The ghost of inevitability has always haunted the Star Wars films. That’s true in the stories, where the word “destiny” comes early and often from the lips of the most important characters. But it’s also true in the structure and production of the movies themselves. Return of the Jedi ended the original trilogy’s story arc on a proverbial “good guys win.” Twenty years later George Lucas produced the prequel trilogy, three films that told a story to which everyone already knew the ending. And now, twenty years after The Phantom Menace, J.J. Abrams turns off the ventilator to a franchise whose fate has been sealed for a while. The Rise of Skywalker acquits itself well as an individual piece of Disney’s sequel trilogy, but even its strengths highlight just what a mistake these three films were from the beginning.
The Rise of Skywalker is an entertaining movie and offers genuine treats for Star Wars fans. In other words, it’s pretty much the opposite of its predecessor, Rian Johnson’s The Last Jedi, a film that held its audience in contempt and seemed to be vying instead for the affection of the New Yorker‘s circulation list. Abrams has brought the series back to the fan-servicing, nostalgic mood of The Force Awakens. That’s both good and bad. It’s good because viewers who really like the non-Disney Star Wars films feel at home. It’s bad because it reminds us it was a bad idea to leave home in the first place.
The “Skywalker Saga,” as Disney has rebranded Episodes I-IX, was truly concluded at the end of 2005’s Revenge of the Sith. To justify its continuation, Disney has had to invent one more Skywalker, walk back older plot points for no apparent reason, and supply a “surprise twist” that feels almost as contrived and ad hoc as something the last person in an improv group would cook up to finish off a skit.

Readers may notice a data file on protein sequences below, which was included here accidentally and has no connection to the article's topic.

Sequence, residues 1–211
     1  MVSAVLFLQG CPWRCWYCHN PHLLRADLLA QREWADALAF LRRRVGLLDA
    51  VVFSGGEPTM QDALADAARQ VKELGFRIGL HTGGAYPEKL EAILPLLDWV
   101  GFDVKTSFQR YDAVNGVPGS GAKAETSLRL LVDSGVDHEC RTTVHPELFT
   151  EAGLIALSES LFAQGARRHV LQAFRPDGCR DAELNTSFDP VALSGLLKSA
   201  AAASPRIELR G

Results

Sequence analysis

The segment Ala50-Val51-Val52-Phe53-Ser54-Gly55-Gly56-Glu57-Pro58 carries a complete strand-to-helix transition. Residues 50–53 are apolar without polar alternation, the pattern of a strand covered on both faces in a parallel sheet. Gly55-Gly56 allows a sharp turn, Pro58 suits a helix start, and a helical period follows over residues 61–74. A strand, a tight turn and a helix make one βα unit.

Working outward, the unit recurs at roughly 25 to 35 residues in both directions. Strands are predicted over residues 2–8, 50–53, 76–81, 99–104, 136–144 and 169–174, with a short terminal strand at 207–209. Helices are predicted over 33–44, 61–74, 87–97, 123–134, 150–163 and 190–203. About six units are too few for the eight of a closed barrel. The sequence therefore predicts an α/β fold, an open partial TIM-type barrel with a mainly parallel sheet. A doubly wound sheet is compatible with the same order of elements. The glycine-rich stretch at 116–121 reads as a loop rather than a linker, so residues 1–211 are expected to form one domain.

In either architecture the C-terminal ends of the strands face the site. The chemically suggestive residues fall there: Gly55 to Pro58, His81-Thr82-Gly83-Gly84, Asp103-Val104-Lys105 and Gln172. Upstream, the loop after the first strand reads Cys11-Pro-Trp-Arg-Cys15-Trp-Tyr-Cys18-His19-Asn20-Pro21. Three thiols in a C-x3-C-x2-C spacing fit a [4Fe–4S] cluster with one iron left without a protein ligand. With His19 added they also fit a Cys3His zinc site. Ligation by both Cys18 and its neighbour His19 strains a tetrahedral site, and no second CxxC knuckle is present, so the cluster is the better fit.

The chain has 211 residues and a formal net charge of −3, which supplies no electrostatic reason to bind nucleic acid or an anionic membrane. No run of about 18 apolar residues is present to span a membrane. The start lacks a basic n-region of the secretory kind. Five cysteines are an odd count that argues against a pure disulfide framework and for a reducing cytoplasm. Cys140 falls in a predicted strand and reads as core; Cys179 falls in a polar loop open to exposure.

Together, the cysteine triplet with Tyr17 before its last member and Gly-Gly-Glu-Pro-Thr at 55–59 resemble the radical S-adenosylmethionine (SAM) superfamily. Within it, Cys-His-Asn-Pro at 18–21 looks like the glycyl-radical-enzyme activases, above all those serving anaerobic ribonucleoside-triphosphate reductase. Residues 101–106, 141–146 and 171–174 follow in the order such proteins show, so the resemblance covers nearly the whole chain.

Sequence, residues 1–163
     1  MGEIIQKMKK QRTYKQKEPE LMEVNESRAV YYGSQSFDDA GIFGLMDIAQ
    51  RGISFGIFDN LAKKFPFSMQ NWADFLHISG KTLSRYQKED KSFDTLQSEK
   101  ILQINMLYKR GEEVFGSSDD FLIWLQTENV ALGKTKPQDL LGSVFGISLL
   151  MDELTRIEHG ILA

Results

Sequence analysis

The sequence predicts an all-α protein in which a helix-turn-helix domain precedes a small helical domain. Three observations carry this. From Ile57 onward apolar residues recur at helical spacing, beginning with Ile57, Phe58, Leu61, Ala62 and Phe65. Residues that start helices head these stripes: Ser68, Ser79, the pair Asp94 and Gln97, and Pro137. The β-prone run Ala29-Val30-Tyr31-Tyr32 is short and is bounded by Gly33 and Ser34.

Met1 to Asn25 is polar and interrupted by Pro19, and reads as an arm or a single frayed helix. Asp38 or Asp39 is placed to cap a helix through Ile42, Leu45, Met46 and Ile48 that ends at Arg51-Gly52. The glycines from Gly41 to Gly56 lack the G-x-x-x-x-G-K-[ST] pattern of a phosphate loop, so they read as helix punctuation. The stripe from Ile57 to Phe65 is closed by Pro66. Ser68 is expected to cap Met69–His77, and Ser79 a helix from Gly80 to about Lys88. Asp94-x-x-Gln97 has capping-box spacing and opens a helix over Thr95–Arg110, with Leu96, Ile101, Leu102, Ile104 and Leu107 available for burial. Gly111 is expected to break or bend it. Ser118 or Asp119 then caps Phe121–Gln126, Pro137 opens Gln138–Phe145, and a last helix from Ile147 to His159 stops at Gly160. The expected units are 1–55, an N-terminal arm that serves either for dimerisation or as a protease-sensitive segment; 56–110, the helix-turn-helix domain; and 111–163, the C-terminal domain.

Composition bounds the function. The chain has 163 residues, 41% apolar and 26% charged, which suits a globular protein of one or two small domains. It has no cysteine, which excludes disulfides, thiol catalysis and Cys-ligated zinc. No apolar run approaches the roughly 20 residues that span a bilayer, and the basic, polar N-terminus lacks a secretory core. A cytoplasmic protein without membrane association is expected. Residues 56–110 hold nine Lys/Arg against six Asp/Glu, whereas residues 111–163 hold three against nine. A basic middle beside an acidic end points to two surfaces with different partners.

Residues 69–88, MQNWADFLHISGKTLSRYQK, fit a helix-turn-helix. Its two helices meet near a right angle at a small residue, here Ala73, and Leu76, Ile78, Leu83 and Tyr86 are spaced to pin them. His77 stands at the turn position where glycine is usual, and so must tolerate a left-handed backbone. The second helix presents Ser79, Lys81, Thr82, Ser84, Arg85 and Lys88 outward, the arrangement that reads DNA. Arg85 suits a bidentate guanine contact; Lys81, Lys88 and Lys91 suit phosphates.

So why should anyone bother with the Rise of Skywalker? Well, it’s a lot of fun. Abrams opts for a breakneck pace, literally zooming his characters from one world and mission to another. More ground gets covered in The Rise of Skywalker than perhaps all the other Star Wars films combined. And why not? The environments are dazzling, the action is exciting and well edited, and the movie builds up nicely to a climax that’s a lot better than it had any business being. The three leads, Daisy Ridley, John Boyega, and Oscar Isaacs are in fine form. There’s a lightsaber fight atop a Death Star submerged in water. If you’ve got something better than that to do with 2 hours and 11 bucks, good for you.
But these three movies all serve one ultimate purpose. They highlight just how remarkable George Lucas is as a world-builder and myth-maker. His wooden dialogue and cringe-inducing love scenes are failures of execution, not failures of imagination. The Disney era Star Wars is a failure of imagination. People will laugh at Anakin’s dialogue in Attack of the Clones for years to come, but they’re going to watch it anyway. I can’t say I think the same of these movies.